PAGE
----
The earliest settlers, the Swedes, built relatively small houses along the creeks and rivers
in the area. They brought the log cabin form, which was known throughout northern Europe,
as an easily built and very sturdy building technique. Construction depended on timbers of
large size which were readily available throughout the Delaware Valley. The first log cabins
were one room, often with a corner fireplace but rapidly a two room plan evolved where the
corner fireplace was at the junction of an interior and exterior wall, which allowed less heat
to escape through outside walls. This plan was so successful that William Penn
recommended it to early settlers.
The English colonists brought over two different approaches to building their houses. From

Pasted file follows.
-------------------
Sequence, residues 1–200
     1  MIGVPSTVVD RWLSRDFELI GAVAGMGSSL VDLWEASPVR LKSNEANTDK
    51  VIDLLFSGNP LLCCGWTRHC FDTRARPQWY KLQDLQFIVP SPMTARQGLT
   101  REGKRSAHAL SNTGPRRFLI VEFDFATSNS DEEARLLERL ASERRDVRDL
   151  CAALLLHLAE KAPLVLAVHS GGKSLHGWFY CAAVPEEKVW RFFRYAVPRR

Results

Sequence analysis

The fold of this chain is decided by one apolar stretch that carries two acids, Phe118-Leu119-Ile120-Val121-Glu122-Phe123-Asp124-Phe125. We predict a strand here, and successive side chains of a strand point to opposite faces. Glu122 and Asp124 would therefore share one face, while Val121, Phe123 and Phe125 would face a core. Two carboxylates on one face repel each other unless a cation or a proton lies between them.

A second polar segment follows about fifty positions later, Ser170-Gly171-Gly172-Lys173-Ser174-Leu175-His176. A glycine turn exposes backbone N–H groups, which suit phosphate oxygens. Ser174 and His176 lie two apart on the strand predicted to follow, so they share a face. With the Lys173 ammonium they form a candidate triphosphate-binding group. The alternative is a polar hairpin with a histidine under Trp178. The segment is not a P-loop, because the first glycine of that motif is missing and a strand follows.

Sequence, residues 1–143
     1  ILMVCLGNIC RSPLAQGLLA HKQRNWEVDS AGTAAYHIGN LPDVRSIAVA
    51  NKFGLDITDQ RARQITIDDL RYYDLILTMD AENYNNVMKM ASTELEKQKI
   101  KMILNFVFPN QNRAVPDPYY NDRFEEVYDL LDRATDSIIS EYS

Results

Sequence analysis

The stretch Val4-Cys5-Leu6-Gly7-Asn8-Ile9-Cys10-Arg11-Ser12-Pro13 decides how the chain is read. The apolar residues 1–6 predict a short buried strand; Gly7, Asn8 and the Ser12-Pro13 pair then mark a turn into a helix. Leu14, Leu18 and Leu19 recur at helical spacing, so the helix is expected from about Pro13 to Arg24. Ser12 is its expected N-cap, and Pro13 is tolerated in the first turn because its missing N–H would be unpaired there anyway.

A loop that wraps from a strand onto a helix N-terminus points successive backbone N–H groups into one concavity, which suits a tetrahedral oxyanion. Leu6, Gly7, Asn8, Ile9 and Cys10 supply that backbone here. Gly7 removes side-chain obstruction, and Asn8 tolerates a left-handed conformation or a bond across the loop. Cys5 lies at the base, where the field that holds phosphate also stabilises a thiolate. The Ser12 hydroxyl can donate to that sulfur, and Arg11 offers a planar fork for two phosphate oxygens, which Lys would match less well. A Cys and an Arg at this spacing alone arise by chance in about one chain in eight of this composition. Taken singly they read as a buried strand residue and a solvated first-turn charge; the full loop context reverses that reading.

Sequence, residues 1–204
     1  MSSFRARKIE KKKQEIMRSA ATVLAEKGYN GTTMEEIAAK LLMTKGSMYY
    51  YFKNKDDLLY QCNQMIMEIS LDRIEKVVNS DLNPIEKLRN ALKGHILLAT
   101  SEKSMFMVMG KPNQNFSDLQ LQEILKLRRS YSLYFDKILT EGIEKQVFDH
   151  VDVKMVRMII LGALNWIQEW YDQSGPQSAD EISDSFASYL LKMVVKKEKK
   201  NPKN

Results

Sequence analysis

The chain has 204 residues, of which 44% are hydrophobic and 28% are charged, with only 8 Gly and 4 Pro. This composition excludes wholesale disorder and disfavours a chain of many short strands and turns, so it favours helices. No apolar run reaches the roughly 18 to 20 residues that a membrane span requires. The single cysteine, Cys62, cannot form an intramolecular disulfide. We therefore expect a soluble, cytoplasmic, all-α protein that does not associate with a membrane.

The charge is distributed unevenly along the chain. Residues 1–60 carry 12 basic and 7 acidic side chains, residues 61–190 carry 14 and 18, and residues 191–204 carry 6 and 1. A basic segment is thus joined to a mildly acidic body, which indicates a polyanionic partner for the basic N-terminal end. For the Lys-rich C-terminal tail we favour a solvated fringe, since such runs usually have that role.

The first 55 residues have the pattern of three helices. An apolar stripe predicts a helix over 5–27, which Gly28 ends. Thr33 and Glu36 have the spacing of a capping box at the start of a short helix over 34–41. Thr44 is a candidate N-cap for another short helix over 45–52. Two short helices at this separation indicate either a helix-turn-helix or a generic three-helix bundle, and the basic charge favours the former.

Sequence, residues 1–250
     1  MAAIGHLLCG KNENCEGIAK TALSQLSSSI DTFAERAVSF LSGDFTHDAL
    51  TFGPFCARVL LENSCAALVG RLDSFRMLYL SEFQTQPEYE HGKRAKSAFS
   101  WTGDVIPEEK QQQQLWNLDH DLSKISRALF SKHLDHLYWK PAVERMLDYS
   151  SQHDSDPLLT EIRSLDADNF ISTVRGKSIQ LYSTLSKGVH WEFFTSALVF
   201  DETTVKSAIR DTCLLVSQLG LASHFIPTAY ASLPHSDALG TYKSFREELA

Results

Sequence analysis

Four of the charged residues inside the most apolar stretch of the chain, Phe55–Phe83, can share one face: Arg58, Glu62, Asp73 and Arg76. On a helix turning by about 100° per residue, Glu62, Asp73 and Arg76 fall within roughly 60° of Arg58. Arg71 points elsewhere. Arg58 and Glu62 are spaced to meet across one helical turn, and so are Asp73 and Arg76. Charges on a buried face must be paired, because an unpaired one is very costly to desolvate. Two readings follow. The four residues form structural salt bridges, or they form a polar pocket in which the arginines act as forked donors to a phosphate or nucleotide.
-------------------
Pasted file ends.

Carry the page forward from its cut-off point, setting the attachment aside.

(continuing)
the beginning, city houses and country houses built by the wealthy, acknowledged the
Georgian style then popular in England. They were often elaborate with large entry halls and
stairways, downstairs and upstairs parlors for receiving guests and often kitchens off the
back of the house in attached ells. These houses were designed to establish their owner's
presence in society by following certain aesthetic rules, and including the details, of
Georgian architecture - the socially dominant style in Great Britain. Some houses were
large and elaborate such as Stenton, the home of James Logan, Penn's administrator.
At the same time other houses were being built that were less stylistically sophisticated and
relatively unadorned with the carved woodwork and elaborate door and window treatments
of Georgian architecture. Often out the country, the owners lacked the desire or affluence or
both to build a "high style" home. Many of these are now called "farm" houses like the
Thomson-Neely House and the Moland House in Bucks County and are more related to
earlier homes found elsewhere in the colonies and vernacular homes in England.
Houses on S. 4th St, Philadelphia